Christmas in Latvia: Latvian Christmas traditions
The Yule log once played an important role in traditional Latvian Christmas celebrations. Villagers felled an oak tree from which they obtained their logs. They pulled these logs round their properties and then set fire to them. Several families might share a single log, which was burned after it had been dragged round the last homestead. Latvian lore offers two different explanations for this custom. One interprets the log as a kind of sponge that absorbs all the ill luck that clings to the household. Burning it permits the family to begin the new year with a clean slate. Another suggests that the logs signify life and burning them entices the sun to spend more time in the sky.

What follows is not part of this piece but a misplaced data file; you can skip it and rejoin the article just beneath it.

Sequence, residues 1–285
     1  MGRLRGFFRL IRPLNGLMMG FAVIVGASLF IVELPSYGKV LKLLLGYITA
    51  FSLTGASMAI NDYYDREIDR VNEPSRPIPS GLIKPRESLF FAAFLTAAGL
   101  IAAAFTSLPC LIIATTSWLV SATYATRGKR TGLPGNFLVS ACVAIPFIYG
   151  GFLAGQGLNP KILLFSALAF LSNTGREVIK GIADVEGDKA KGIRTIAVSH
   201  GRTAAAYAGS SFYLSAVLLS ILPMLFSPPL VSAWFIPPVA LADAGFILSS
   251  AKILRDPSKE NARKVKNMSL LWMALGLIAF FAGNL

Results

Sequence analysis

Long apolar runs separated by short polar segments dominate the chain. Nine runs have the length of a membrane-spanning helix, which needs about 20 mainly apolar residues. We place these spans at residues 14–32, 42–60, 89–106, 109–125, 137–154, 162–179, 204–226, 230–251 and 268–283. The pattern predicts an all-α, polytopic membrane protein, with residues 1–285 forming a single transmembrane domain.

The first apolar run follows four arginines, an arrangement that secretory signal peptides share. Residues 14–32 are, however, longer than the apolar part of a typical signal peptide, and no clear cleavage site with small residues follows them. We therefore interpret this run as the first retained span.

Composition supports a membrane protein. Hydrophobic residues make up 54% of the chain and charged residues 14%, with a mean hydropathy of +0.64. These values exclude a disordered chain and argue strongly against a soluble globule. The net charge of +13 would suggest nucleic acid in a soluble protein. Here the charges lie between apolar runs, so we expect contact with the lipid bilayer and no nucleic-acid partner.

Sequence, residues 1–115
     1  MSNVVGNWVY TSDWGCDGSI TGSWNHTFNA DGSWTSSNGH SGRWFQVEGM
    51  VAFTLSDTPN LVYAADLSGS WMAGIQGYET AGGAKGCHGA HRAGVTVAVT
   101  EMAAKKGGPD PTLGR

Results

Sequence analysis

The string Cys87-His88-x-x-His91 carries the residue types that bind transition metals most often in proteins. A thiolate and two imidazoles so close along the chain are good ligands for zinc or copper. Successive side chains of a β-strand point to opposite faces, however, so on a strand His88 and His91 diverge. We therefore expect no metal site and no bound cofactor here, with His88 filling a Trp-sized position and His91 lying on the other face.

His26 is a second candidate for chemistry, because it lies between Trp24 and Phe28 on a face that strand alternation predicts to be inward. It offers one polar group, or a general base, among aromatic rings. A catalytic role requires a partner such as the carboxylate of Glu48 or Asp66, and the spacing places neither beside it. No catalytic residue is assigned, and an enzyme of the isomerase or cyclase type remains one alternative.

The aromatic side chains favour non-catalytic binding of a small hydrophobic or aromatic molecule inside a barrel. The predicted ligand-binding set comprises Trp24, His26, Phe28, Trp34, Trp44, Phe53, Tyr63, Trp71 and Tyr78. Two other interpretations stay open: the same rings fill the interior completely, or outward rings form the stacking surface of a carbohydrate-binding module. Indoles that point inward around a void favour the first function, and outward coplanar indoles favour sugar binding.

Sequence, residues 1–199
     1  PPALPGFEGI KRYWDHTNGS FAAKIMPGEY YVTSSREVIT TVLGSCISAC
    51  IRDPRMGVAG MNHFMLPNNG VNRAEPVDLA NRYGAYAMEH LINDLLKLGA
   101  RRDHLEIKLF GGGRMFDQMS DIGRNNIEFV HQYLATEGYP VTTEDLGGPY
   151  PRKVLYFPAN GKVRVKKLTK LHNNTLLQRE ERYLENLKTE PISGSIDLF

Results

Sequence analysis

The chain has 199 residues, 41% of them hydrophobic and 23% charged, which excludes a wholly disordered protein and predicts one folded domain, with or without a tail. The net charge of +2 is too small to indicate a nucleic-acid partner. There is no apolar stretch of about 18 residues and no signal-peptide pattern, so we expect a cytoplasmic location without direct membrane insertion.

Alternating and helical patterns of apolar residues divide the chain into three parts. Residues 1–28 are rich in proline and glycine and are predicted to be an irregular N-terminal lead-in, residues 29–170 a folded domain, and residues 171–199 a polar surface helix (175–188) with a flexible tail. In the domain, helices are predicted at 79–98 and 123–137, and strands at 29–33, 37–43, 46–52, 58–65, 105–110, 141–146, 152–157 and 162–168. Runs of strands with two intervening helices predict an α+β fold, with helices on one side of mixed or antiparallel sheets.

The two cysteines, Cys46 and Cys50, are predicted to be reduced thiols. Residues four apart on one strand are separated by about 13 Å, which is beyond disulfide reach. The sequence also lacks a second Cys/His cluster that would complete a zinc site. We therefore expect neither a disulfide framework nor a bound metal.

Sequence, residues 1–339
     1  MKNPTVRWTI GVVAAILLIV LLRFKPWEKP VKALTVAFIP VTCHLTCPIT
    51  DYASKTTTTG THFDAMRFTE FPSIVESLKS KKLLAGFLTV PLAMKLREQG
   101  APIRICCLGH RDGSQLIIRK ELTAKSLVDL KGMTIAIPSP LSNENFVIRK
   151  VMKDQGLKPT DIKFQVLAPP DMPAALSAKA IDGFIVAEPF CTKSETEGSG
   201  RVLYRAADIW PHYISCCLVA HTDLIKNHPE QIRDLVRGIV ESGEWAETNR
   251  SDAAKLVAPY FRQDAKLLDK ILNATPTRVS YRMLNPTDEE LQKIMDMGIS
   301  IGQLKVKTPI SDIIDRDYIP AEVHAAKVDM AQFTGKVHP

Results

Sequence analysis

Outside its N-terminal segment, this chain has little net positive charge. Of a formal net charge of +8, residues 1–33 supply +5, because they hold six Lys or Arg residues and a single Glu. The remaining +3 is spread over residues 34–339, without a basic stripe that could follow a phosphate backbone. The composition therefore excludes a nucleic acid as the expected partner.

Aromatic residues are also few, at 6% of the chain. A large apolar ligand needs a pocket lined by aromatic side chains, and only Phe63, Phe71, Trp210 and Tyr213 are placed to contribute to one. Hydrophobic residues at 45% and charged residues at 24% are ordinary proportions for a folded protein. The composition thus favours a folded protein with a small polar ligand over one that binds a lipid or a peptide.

Mumming was another traditional practice associated with the midwinter holidays. Called kekatas, kujenieki, budeli, cigani, preili or kaladnieki, these masked and costumed wanderers might appear anytime from Martinmas to Carnival (the festival that precedes the start of Lent). They were most active at Christmas time, however. Popular mummers’ disguises included those of wolves, horses, bears, cranes, goats, short men, tall women, haystacks, Death, dead people, and fortune-tellers. Under the direction of a "father,” they traveled from house to house singing songs and telling fortunes. One frequently used fortune-telling method involved ladling molten lead or wax into a pail of icy water and reading the twisted shapes as signs of future events. Their visits were thought to scare off harmful spirits, to promote fertility, and to bless. In exchange for all these favors, householders offered the mummers food and drink.